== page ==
Arthritis Expert Helps You Understand Risks From Pain Relievers
Feb. 18, 2005 -- After three days of meetings, an expert FDA panel has recommended that the pain relievers Bextra and Celebrex, also called Cox-2 drugs, remain on the market. They also recommended that Vioxx be allowed back on the market. WebMD turned to arthritis expert William Shiel, MD, chief medical editor of MedicineNet.com, a WebMD company, to help you understand the drugs and their risks.
The FDA is expected to officially act on these recommendations in the near future.
Is the concern with Cox-2 drugs only in elderly people?
While studies have shown heart risks in people 65 and over, the issues raised pertain to any patient with underlying risk factors for heart disease or stroke. This means not only the elderly may be at risk, but also those who have underlying heart disease or known blood vessel disease, such as atherosclerosis or calcification of blood vessels.
Caution might be also be used for those with high blood pressure and a tendency toward fluid retention (edema). It has been shown that all anti-inflammatory drugs (like ibuprofen and Cox-2 inhibitors) can worsen blood pressure or cause fluid retention. Patients should be monitored for such side effects. Similarly, in the elderly who are at risk for kidney problems or in any patient with kidney disease, anti-inflammatory drugs should be used cautiously with close monitoring of kidney function.
Are Cox-2 inhibitors better pain relievers than older, traditional anti-inflammatory drugs like ibuprofen and naproxen?
No. As a group, the benefit of these drugs lies in their lower frequency of stomach and intestinal side effects, not in their effectiveness. Clinical research has shown that the Cox-2 inhibitors are essentially equivalent to traditional anti-inflammatory drugs in effectiveness. Improved effectiveness has never been the point of these medications, nor have their respective manufacturers marketed them for that purpose.
Having said that, doctors are well aware that determining which patient is going to respond to which anti-inflammatory drug involves some trial and error. Therefore, it is convenient to have options when treating chronic pain or inflammation.
Some studies have shown that Cox-2 inhibitors have been overprescribed. To whom should these drugs be prescribed?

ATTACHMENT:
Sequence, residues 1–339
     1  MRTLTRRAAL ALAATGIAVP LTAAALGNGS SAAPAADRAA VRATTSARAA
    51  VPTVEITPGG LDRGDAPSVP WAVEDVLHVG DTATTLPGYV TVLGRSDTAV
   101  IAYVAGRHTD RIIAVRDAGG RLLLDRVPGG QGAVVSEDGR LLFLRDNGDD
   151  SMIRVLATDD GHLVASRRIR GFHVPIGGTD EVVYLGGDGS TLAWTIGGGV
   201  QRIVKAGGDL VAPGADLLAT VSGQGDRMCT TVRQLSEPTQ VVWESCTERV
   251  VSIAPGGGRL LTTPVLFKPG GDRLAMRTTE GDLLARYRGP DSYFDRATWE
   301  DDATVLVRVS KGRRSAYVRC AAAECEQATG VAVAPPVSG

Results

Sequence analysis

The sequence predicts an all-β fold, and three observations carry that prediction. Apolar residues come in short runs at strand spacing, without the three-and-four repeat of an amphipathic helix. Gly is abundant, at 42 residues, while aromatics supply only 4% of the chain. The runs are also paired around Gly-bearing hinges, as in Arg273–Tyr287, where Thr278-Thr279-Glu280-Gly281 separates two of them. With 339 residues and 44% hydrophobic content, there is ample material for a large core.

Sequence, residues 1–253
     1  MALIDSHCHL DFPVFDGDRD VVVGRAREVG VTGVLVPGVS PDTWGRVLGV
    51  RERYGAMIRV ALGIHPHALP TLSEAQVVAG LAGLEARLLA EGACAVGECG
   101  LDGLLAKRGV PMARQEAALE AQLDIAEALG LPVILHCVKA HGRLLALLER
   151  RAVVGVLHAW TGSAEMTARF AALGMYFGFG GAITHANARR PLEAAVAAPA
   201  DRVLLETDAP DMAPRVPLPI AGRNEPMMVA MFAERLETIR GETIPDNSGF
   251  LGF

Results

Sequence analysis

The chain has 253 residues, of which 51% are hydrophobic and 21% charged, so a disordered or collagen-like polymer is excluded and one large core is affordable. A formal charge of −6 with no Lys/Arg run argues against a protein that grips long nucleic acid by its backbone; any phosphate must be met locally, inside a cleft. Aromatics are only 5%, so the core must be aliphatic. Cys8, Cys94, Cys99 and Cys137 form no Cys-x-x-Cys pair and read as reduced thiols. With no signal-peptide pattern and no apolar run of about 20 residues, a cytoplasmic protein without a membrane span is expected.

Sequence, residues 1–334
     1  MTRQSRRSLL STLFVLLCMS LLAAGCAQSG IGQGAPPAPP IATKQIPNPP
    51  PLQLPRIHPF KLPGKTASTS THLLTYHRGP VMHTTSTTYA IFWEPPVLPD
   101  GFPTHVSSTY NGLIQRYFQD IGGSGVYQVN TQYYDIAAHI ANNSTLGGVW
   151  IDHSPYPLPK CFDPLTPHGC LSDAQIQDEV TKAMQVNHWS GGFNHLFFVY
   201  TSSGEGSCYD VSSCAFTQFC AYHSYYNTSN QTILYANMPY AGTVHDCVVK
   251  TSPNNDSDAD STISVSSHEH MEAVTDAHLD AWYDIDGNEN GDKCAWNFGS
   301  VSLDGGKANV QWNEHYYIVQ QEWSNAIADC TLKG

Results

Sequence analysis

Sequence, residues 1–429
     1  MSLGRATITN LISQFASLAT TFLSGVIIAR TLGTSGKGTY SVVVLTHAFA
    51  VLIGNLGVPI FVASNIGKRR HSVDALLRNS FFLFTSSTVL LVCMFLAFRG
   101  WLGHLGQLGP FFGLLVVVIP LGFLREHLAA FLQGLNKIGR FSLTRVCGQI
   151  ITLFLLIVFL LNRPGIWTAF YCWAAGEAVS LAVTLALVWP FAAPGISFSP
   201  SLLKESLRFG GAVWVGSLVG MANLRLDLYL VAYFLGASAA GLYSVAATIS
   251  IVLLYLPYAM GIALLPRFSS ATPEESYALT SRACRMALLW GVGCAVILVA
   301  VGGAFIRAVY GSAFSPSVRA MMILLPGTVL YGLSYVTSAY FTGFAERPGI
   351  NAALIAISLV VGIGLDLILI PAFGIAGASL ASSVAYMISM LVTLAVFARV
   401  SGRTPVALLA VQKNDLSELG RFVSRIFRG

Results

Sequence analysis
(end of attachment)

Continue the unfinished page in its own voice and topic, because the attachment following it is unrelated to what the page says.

In particular, a recent study published in the Archives of Internal Medicine showed that doctors were using Cox-2 drugs in a wide variety of patients instead of specifically selecting patients at risk for stomach bleeding as the ideal candidates. It was suggested that marketing and promotion of the drugs lead to their use in an unnecessarily large group of patients. Moreover, patients may have requested them because of perceived benefits.
Drug treatment is always based on a risk vs. benefit analysis. In clinical practice, Cox-2 inhibitors are considered after weighing the benefits vs. the risks. As more research clarifies the risks and the groups of patients who are more prone to these risks, it will become easier for patients and doctors to choose medications optimally.
Currently, Cox-2 drugs are most suited for patients who have a history of stomach or intestinal bleeding or who are at risk for bleeding. Persons who are taking the blood-thinning medication Coumadin cannot take traditional anti-inflammatory drugs because of high bleeding risks. When an anti-inflammatory drug is necessary, Cox-2 inhibitors are permissible for this group of patients.
The risks and benefits of taking a medication must be evaluated in an individualized fashion for each patient. The decision to take a medication requires knowledge of the severity of the condition treated, risks of alternatives, underlying medical conditions, past medication experiences, affordability of the drug, and the patient's age to adequately appreciate the risks.
If someone stops taking a Cox-2 drug, is the adverse risk of heart attack or stroke permanent?
No. There is no evidence of a sustained adverse effect. The risk would only be expected to be present while taking the drug, not after it has been discontinued.
It is interesting to note that the heart attack and stroke risk detected in the Vioxx study (which led its manufacturer to pull it from the market) did not present itself in study participants until the drug was taken for at least 18 months. There was no increased risk of heart attack or stroke detected in study participants who took Vioxx for less than 18 months. This suggests the possibility of some metabolism or enzyme change that takes time to occur in the body.
Are Cox-2 inhibitors less likely to irritate the stomach than older anti-inflammatory drugs?
Cox-2 inhibitors (such as Celebrex and Bextra) do not inhibit the Cox-1 enzyme in the stomach and are thus thought to be less toxic to the stomach than traditional anti-inflammatory drugs (such as aspirin, ibuprofen, or naproxen). These traditional anti-inflammatory drugs, called nonselective Cox-1/Cox-2 inhibitors, inhibit both Cox-1 and Cox-2 enzymes. While inflammation is reduced by blocking Cox-2, the protective mucus lining of the stomach is also reduced when Cox-1 is blocked, which can cause stomach upset, ulcers, and bleeding.
Current evidence suggests that the selective Cox-2 inhibitors are less toxic to the stomach than traditional anti-inflammatory drugs. This effect is especially significant in persons who are at risk of stomach bleeding, such as those with a history of prior stomach bleeding or patients on blood-thinning medications.